Speakers at LAC Climate Week 2019 highlighted that governments at all levels need to develop policy frameworks for sustainable mobility, taking advantage of favorable conditions for low-emission vehicles that use renewables and biofuels.
Additional takeaways included the need for: targeted policy and regulatory frameworks for the industrial sector to invest in decarbonization and increased adaptation; using cross-sectoral climate risk assessments and disaster reduction plans to increase urban resilience; realizing the large mitigation and resilience potential from protecting and restoring forests, and adopting good practices in land use; and enacting long-term planning, strategies and policies targeted to energy production and use in transport, industry and buildings.
23 August 2019: The main themes discussed during Latin America and Caribbean (LAC) Climate Week 2019 were the energy transition, industry transition, infrastructure, cities and local governments, and nature-based solutions.
The Regional Climate Weeks were launched in 2017 by the Nairobi Framework Partnership as a platform for stakeholders to meet, share experiences and best practices, and identify mutually beneficial climate action and policy making related to implementing the Paris Agreement on climate change. Regional Climate Weeks in 2019 have also aimed to provide a stepping stone to the Climate Action Summit, during which UN Secretary-General António Guterres has encouraged countries to announce new, more ambitious Nationally Determined Contributions (NDCs).
LAC Climate Week 2019 comprised two technical days, followed by two thematic dialogue days and a high-level dialogue day. The event also included an academia and youth track for participants to learn and share information about NDCs and climate action more broadly in the LAC region.
At the conclusion of LAC Climate Week 2019, Martin Frick and Mariana Castaño Cano, UNFCCC Secretariat, provided an overview of the main takeaways that will inform the Climate Action Summit. They highlighted that speakers had emphasized the region’s potential to contribute in all sectors towards the goal of limiting warming to 1.5°C above preindustrial levels. Additional takeaways included the need for:
- governments at all levels to develop policy frameworks for sustainable mobility, taking advantage of favorable conditions for low-emission vehicles that use renewables and biofuels;
- targeted policy and regulatory frameworks for the industrial sector to invest in decarbonization and increased adaptation;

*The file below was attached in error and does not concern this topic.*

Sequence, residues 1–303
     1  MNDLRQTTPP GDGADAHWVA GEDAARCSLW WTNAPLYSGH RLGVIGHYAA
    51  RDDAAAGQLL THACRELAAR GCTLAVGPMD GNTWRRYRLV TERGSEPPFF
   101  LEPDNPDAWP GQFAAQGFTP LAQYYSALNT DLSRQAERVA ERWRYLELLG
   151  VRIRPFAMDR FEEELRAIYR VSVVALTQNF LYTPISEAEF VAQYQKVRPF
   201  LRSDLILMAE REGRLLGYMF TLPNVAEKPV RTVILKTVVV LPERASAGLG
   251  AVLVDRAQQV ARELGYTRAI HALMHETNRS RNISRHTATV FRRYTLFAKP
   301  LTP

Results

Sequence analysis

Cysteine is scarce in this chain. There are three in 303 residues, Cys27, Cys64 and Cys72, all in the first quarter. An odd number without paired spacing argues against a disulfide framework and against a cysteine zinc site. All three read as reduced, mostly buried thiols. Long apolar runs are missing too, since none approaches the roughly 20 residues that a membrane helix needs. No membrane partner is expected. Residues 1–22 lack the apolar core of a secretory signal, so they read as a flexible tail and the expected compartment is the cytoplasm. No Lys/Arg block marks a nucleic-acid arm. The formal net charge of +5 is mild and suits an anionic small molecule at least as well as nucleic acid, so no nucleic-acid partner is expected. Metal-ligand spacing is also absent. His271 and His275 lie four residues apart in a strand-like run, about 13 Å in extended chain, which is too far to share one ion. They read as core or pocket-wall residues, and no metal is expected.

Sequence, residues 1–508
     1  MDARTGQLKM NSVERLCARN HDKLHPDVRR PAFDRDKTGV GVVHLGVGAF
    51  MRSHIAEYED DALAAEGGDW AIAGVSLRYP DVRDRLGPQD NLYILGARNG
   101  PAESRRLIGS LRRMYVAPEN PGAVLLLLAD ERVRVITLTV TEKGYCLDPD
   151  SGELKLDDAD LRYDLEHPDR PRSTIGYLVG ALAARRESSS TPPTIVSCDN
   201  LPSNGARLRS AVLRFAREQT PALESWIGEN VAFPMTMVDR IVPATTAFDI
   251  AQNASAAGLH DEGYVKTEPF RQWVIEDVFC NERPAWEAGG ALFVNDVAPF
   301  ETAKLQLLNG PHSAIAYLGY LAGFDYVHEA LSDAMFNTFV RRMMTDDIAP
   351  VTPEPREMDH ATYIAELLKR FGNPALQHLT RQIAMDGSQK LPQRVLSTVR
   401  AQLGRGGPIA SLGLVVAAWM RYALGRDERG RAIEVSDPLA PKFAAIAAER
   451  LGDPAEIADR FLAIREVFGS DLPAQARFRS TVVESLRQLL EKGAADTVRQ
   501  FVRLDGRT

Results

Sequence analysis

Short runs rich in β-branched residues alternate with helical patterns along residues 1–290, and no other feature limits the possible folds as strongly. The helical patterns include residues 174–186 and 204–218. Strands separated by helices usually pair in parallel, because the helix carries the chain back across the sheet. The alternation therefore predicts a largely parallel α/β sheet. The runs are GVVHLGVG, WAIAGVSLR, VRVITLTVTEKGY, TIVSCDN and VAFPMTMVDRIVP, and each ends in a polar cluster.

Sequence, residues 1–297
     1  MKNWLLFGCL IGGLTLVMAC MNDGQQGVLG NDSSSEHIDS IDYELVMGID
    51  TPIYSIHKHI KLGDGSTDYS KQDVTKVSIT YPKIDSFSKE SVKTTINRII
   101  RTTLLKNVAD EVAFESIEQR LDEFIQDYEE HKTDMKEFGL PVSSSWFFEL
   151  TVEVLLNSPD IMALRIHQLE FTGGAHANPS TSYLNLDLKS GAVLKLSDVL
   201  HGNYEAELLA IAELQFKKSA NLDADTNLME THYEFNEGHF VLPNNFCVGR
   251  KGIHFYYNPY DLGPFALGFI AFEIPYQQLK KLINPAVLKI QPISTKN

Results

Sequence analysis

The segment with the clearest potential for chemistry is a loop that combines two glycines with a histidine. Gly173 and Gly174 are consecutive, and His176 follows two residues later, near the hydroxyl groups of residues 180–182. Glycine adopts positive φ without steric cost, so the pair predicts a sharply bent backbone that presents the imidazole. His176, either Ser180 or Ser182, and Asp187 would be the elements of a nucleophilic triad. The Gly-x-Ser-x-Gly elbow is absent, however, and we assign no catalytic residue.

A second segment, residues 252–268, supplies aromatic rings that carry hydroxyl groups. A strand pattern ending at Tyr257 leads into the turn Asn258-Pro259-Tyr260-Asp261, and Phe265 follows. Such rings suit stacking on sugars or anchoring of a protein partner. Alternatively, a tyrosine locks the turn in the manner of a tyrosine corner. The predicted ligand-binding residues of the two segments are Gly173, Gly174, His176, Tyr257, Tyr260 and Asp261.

- using cross-sectoral climate risk assessments and disaster reduction plans to increase urban resilience;
- integrating climate considerations into urban planning and development;
- realizing the large mitigation and resilience potential from protecting and restoring forests, and adopting good practices in land use;
- taking action on adaptation in coastal zones, low-lying areas, and small islands;
- taking advantage of renewable energy and energy efficiency technologies that are already economically viable and available today; and
- enacting long-term planning, strategies, and policies targeted to energy production and use in transport, industry, and buildings, while addressing the social impacts of the energy transition, including through stakeholder engagement.
Gonzalo Muñoz, UNFCCC COP 25 High-Level Climate Action Champion, stressed the need to include non-state actors and strengthen public-private partnerships (PPPs). He also emphasized the LAC region’s opportunity to provide nature-based solutions, particularly in the agro-forestry sector.
Isabel Studer, Director of Strategic Alliances, The Nature Conservancy, emphasized scaling up nature-based solutions, so land use and coastal sectors could become a solution instead of a problem. She said addressing climate change requires not only an energy transition to renewables, but also transforming the ways we produce and consume food.
Frederico Villatico Campell, Regional Manager, Climate Technology Centre and Network (CTCN), spoke of the importance of addressing country needs as a way to step up ambition. He explained that mitigation and adaptation are distinct when it comes to funding, as mitigation has more opportunities for investments than adaptation.
Stephanie Horel, EUROCLIMA+ Programme Manager, Directorate-General for International Cooperation and Environment, European Commission, explained that the public sector alone is not able to achieve the Paris Agreement goals, and that the private sector and civil society also need to be engaged, adding that points of common interest help bring solutions.
Francisco Maciel, Executive Secretary, Inter-municipal Consortium of Western Brazil, underscored the role of engaging communities, and called for creative types of funding, particularly for green infrastructure.
The Dominican Republic announced it will host LAC Climate Week in 2020.
In closing, Martin Frick acknowledged those who are suffering from climate change around the world, including those affected by the ongoing fires in the Amazon.
The event took place from 19-23 August 2019, in Salvador de Bahia, Brazil, and was hosted by the Federal Government of Brazil with the support of the City of Salvador, Bahia. It was co-organized by the UNFCCC Secretariat, the Marrakech Partnership for Global Climate Action, the UN Development Programme (UNDP), the UN Environment Programme (UNEP), the UNEP Partnership with the Technical University of Denmark (UNEP-DTU Partnership), the World Bank Group, the Inter-American Development Bank (IDB), the Regional Platform for Low Emission Resilient Development Strategies (LEDS LAC), the Latin American Energy Organization, the Development Bank of Latin America, and the International Emissions Trading Association (IETA). [IISD RS Summary of LAC Climate Week 2019]